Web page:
For example, as Pew itself notes, the city made significant reductions in debt service payments without boosting spending even while the recession was beating it up. But the city's overall debt has dropped even more dramatically in the last two years. Michael Albein, the city's director of capital and debt, estimates that, Minneapolis will have wrestled its long-term debt from a high of $1.3 billion in 2004 to around $732 million by the end of this year. Going forward, the city saves approximately $19.8 million in interest costs. "That gives us the capacity to do other things," says Albein. Among the possibilities: improvements in the city's infrastructure and services, a possible reduction in property taxes and hiring more cops.

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Kiedrowski points out that the city received more good news this year: an increase in aid from the state. Over the previous decade, Minnesota cut local government aid to the city by nearly a half billion dollars—about $46 million a year. With the return of the Legislature to the Democrats this year, the state gave Minneapolis an extra $10 million. That wasn't exactly a windfall. As the mayor noted recently, the city still received $35 million less from the state than in 2002, but the era of continuous cutting may be coming to an end.

The city has an adequate rainy day fund, but Pew dinged the city for funding only 76 percent of its pension obligations in 2010. That actually is not terrible. Generally, pension funds are considered adequate if they are 80 percent funded, and current high stock-market returns will have certainly reduced the city's obligation. (The more the funds invested return, the less the city needs to contribute.) In a move that lightened its pension obligations still further, the city at the end of 2011 managed to transfer its closed pension funds for fire fighters and police to state systems, allowing Minneapolis to stretch out payments and saving the city $20 million last year.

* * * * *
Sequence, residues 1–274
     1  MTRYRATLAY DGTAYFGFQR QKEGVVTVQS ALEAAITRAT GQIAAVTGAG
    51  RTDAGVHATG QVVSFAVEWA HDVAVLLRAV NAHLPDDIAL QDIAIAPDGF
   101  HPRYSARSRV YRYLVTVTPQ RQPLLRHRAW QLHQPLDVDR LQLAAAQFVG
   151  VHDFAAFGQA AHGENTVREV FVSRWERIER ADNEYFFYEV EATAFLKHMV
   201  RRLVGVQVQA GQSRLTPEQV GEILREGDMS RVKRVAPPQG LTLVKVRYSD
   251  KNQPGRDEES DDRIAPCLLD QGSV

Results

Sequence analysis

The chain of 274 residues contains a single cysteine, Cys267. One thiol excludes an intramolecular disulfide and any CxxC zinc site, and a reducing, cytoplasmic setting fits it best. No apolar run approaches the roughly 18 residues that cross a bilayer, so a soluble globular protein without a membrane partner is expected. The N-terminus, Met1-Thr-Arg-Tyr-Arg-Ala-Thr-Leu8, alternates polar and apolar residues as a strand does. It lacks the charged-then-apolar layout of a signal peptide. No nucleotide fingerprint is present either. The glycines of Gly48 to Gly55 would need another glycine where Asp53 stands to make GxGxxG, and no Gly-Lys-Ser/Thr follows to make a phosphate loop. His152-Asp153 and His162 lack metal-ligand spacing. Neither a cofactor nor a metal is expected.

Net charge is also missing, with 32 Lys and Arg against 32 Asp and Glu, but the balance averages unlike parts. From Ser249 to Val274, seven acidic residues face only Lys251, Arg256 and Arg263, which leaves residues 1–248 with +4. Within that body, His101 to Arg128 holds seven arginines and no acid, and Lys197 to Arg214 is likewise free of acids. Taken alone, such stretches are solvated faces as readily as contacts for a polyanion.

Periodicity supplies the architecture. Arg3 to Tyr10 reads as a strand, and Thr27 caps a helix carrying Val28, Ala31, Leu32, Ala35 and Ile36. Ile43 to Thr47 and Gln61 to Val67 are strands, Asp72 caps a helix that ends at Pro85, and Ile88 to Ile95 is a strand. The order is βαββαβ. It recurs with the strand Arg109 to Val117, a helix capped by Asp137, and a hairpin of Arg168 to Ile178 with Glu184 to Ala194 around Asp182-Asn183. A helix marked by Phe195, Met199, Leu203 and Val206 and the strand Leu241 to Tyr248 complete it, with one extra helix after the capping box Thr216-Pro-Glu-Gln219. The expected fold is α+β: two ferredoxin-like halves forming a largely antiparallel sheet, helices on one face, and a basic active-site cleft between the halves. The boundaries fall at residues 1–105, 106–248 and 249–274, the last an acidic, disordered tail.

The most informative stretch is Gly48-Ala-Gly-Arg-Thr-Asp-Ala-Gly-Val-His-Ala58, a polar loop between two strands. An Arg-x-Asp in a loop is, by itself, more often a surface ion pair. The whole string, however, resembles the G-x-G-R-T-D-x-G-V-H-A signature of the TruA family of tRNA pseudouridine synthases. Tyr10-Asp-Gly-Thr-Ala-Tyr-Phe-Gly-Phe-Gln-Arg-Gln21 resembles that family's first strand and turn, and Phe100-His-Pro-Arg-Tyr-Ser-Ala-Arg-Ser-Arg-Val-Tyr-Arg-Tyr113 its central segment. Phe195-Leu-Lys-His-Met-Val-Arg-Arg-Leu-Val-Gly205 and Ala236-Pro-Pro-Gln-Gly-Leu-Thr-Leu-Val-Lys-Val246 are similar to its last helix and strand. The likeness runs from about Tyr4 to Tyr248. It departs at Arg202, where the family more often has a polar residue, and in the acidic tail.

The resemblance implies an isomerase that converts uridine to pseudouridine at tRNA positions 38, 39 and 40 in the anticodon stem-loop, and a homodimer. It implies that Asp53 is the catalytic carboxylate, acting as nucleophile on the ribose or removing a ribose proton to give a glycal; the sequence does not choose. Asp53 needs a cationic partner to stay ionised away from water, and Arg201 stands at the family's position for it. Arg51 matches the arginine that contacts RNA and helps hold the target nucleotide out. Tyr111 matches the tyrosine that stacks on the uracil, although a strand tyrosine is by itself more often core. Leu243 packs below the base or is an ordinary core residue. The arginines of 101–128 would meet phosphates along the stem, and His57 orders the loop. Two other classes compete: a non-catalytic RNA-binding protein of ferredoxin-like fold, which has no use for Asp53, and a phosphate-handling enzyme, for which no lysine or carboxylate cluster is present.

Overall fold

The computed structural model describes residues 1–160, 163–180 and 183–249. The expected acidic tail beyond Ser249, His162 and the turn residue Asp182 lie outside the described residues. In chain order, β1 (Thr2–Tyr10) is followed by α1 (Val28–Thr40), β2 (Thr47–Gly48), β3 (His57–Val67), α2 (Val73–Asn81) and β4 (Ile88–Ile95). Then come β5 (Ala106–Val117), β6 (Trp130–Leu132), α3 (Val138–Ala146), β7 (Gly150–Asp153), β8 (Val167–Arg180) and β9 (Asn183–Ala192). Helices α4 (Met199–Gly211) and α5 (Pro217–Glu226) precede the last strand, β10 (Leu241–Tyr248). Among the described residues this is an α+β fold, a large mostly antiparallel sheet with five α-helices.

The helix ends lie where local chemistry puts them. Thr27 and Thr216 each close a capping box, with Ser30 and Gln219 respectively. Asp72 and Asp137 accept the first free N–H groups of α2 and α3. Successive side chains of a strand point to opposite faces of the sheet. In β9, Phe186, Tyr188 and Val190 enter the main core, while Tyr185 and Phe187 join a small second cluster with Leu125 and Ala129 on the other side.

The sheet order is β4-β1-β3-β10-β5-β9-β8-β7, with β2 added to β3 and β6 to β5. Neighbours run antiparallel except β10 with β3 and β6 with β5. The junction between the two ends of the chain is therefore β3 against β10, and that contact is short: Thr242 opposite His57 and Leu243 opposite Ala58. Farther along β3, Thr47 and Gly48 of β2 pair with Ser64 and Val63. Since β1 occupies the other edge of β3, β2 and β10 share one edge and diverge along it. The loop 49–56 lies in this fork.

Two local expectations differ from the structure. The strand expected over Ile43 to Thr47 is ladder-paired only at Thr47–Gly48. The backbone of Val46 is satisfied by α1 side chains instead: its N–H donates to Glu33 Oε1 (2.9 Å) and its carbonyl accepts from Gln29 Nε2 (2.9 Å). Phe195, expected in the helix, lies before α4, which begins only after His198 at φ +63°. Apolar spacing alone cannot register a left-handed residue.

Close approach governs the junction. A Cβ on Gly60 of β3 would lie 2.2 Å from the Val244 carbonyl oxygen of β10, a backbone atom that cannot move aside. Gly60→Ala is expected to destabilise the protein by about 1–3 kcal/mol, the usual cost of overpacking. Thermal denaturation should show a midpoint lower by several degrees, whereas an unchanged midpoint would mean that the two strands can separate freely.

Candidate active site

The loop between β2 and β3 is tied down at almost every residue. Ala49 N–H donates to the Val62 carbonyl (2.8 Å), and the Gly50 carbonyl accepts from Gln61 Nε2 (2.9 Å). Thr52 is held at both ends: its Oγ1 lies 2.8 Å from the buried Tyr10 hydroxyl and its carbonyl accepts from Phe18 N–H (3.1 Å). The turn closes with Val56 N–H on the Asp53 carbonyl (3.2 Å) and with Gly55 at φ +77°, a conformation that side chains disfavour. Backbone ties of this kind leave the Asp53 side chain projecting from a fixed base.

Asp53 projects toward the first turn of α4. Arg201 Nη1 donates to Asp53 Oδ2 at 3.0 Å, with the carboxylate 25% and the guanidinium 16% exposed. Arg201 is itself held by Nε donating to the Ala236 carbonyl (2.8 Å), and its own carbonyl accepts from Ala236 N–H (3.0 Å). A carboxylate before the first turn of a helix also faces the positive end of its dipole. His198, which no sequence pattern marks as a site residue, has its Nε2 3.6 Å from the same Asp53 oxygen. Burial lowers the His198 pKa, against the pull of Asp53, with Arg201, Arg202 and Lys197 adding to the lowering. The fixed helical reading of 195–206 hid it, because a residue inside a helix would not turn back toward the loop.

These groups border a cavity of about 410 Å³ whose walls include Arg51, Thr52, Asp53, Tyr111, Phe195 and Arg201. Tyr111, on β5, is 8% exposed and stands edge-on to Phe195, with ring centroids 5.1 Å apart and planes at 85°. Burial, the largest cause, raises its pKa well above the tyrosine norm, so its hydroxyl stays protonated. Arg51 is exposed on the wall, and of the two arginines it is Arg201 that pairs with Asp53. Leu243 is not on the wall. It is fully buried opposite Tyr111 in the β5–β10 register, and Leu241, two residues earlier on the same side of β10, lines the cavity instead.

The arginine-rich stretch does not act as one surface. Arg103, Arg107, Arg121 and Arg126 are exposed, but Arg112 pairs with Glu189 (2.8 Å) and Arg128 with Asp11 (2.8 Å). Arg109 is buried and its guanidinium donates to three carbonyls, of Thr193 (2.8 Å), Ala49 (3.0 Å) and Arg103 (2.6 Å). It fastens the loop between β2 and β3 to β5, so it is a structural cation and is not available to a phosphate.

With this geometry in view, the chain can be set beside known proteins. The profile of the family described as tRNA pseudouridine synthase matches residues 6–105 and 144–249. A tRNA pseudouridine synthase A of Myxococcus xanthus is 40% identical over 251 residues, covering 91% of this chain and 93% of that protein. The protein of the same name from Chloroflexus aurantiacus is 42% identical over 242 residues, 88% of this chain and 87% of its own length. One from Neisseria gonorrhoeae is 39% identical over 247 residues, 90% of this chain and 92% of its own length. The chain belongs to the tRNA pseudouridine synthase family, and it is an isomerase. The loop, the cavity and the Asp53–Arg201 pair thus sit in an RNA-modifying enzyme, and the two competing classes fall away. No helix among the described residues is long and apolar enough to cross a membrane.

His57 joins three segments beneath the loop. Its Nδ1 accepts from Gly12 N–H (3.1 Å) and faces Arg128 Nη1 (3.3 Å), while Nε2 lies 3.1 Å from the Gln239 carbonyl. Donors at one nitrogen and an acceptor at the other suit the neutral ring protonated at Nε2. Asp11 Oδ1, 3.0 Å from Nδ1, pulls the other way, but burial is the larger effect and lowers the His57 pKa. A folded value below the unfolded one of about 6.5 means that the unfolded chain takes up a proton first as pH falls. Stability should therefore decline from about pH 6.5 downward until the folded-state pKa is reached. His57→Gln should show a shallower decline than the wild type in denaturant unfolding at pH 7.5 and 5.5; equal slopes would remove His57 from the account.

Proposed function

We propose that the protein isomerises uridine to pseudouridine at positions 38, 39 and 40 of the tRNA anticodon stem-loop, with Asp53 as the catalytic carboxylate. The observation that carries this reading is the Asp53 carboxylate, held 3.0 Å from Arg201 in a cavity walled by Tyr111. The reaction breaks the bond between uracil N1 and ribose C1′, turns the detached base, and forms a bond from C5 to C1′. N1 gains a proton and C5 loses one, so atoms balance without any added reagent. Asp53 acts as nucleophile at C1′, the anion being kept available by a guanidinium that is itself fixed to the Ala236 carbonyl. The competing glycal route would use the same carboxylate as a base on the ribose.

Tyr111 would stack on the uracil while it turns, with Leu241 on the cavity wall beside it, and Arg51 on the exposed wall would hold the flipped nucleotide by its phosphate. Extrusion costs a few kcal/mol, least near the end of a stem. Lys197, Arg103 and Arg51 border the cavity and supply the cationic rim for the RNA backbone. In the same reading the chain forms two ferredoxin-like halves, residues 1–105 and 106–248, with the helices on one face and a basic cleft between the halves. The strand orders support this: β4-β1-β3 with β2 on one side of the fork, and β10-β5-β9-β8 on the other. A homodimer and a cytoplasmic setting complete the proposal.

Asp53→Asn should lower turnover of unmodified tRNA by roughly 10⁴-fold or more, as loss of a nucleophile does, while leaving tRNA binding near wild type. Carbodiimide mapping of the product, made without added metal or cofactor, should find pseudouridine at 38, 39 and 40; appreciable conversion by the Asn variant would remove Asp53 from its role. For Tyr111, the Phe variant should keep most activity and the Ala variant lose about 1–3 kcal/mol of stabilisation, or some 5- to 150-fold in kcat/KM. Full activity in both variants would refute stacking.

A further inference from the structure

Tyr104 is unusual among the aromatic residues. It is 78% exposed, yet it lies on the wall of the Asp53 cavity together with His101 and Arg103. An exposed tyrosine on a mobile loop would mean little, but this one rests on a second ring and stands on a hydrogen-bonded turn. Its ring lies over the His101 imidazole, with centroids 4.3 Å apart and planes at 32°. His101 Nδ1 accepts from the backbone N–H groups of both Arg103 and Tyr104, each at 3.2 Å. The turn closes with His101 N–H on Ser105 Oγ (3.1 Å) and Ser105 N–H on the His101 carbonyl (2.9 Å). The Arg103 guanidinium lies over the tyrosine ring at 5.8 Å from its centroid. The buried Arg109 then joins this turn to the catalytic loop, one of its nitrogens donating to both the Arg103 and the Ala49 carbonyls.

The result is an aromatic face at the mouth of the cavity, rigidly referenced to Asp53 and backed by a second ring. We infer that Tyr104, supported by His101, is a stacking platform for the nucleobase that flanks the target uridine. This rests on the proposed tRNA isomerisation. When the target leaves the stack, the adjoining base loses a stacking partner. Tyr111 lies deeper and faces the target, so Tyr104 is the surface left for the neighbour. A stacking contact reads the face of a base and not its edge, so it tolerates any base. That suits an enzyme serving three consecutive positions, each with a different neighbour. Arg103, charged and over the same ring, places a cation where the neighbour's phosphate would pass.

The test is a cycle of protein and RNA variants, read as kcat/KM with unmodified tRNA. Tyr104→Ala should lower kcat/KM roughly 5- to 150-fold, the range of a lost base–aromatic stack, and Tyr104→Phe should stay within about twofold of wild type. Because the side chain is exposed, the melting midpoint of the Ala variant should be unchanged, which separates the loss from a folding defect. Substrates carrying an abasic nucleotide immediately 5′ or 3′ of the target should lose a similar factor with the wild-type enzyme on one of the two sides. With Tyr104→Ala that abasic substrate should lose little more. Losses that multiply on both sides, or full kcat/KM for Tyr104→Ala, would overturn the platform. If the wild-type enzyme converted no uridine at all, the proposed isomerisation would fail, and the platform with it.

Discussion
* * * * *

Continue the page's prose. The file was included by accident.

Possibly more important than any other factor that has me discounting Pew's grim outlook, however, is the city's recent growth spurt. By August, the city had issued 3,000 building permits worth about $690 million, and there's been an ongoing spate of apartment construction, particularly downtown. I sent an instant message to Kil Huh, the Pew researcher who was conducting the webinar on the report. "Can new construction and increased population help bail us out?"

He sent back a one-word answer: "YES!"